Micro Publishing: Part 3 (Mark's 2nd Update)
by Mark Nielsen at ZING
  1. References
  2. Introduction
  3. Using a stapler, different glue, etc
  4. Why is this setup important?
  5. Problems, etc
  6. Conclusion

References

  1. Micro Publishing: Part 2 (Mark's Update).
  2. Micro Publishing -- article located at Linux Gazette and ZING.

Introduction

The first document by Rick Holbert is Micro Publishing. I wrote an update to that article. This article is another update. This article is going to be short, but it is significant since Mark has found a way he likes to make the books, finally.

The process of making the books inexpensively is the fact that is gets cumbersome. It can be a real pain in the butt. My whole goal is to make it very simple and very fast. There is no point making books if it becomes an unpleasant event. This document will address several problems Mark and Rick has had in the past and present one solution. This article will also list ongoing problems.

Rick and I are in the process of making a HOWTO for book binding, and if anyone wishes to add to the HOWTO or wishes to contribute thoughts, please send email to zing@gnujobs.com.

Using a stapler, different glue, etc

In the past, our tools were,
  1. Book formatted pdf, postscript, or other document.
  2. Duplex laser printer.
  3. Paper folder.
  4. Manual heavy-duty stapler that can do at least 1/2 inch staples.
  5. Ruler
  6. Paper for the cover.
  7. Contact cement.
  8. Book binding press

The problem with this setup was that you have to keep your book in the book press for 30 minutes before letting it go. Also, I wasn't using a ruler when Rick said I should.

With my current setup, we can eliminate the book-binding press with just a straight-edge. Here are the tools,

  1. Book formatted pdf, postscript, or other document.
  2. Duplex laser printer.
  3. Paper folder.
  4. Manual heavy-duty stapler that can do at least 1/2 inch staples.
  5. Ruler
  6. Paper for the cover.
  7. Contact cement.
  8. Straight edge
  9. Very large binder clips.

Here are the steps,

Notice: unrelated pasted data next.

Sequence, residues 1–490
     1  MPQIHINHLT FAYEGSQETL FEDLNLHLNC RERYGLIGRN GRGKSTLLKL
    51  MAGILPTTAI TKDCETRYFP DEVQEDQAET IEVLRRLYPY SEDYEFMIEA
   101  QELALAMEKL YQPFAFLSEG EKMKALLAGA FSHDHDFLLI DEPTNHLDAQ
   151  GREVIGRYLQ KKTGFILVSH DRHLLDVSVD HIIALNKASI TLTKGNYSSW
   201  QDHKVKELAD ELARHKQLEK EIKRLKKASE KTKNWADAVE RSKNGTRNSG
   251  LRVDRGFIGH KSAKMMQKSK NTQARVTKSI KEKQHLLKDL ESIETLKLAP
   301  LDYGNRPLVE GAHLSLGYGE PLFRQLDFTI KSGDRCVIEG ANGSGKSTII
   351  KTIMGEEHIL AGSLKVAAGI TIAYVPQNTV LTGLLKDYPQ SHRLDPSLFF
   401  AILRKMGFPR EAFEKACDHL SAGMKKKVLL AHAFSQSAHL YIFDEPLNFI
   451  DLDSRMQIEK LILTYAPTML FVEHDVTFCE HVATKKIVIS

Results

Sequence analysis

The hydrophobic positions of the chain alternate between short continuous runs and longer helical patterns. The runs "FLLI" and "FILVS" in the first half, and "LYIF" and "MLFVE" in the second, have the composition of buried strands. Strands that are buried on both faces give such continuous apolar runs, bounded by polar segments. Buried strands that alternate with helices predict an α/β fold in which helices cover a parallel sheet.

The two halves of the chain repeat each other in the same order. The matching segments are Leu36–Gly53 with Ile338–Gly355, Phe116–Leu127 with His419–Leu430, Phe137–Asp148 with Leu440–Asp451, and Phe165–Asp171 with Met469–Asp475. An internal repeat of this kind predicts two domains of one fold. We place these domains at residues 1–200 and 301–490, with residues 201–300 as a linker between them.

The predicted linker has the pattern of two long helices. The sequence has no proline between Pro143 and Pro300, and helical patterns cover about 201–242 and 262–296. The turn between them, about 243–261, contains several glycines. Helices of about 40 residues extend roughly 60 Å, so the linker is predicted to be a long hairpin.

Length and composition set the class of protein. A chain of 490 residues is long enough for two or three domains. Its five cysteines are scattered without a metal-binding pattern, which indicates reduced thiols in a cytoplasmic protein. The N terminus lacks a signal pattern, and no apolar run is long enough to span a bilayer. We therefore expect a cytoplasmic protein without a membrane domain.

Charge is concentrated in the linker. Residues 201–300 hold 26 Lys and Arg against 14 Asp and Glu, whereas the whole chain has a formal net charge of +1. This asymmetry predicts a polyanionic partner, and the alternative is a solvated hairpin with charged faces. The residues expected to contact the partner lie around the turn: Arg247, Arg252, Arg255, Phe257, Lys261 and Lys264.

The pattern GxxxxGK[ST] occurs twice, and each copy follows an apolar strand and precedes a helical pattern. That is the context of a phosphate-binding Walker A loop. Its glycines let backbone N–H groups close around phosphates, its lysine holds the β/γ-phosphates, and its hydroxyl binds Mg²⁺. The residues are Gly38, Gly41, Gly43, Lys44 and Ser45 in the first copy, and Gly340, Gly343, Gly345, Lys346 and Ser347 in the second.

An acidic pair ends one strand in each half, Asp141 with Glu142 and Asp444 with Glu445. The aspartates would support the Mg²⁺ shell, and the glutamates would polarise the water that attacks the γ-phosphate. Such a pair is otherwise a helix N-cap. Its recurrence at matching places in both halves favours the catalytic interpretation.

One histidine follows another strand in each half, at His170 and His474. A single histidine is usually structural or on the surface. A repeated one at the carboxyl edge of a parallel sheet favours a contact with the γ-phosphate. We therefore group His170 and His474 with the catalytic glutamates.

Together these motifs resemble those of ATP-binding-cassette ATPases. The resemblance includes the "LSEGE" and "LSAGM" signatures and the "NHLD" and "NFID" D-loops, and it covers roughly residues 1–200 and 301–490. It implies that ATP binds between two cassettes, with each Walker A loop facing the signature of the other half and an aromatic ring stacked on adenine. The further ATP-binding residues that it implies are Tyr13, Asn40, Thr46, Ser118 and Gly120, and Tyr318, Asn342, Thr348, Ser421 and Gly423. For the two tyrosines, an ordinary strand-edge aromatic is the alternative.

1. Print the document on a duplex printer and make sure the printer is set to flip in the long edge. If you don't use a duplex printer, it is a pain in the butt. Please use a duplex printer. Please refer to our other articles for steps on how to use a non-duplex printer.
  2. Use a paper folder or fold them by hand. Please buy a paper folder and use it to fold the paper. Refer to our other documents.
  3. Straighten up the folded paper on the edges and use two large binding clips to kept the paper from shifting.
  4. Place the paper in a heavy-duty manual stapler that can use at least 1/2 inch staples. Staple the paper at least twice.
  5. Measure the width of the paper on the folded side of the paper where the staples are at. Squeeze it down when you measure it. Measure 5.5 inches plus 1/16 inch from the edge of the cardboard stock paper that you are going to use as your cover. Use a ruler to create a line from top to bottom. Measure out the width of the edge onto the cover and add 1/16th inch. Draw a line across from top to bottom here. Now, fold the cover at the two lines with a nice and crisp edge.
  6. Take the cover and place it up against anything that is straight and has a little height, like a block of wood, or something. Place the paper on the cover and fold the cover over the paper.
  7. After you have verified the cover fits over the paper nice and smooth, place contact cement on the inside binding edge of the cover. You don't need a lot of glue.
  8. Fold the cover over again, and smoothen out the edge of the binding edge with your finger. Use two large binding clips to keep the cover on the paper.
  9. Done!

Why is this setup important?

This setup is important for the following reasons:
  1. Since you are using staples, you don't have to worry about individual pages from ever falling out.
  2. Since you don't have to use much glue, you don't accidentally get glue all over the place.
  3. Not having to use a book binding press means you don't have to go make one.
  4. Using paper clips to keep the cover on means you can just stack the books and mass produce them. Once you put the paper clips are on, you are effectively done.
  5. If you use a ruler to make the edges nice and straight, it makes the book look better and it also makes it so there isn't much gap between the paper and the cover, which means the glue is able to connect the paper to the cover better.

Problems

Here are some problems:
  1. Don't staple the staples too far away from the edge since the book won't be able to flatten if someone opens it up.
  2. I don't like using contact cement. Given this stapler solution, it should just be possible to apply different glue or some way of applying some else besides glue to just keep the cover attached to the paper.
  3. If you can visually see the staples when you open the book on the first page and the last page, it looks dumb. We need to find a way to cover up the staples easily. There is no reason for people to know that we took the cheap way out and used staples.
  4. We need cheap free way of filtering out fonts from pdf documents so that they aren't so huge and can print faster. Right now, we can cheat and use a commercial product to filter out the fonts that are annoying, but it would be nice if we could do it in a free way.

Conclusion

There really is no conclusion, except now Mark can make books fast for the COLUG and SVLUG groups he participates in. Before it was always a pain and time consuming to make books and it was cumbersome. Now, after the paper has been printed, he can make a book every 10 minutes, or faster.

Mark works as a computer guy at The Computer Underground and also at ZING and also at GNUJobs.com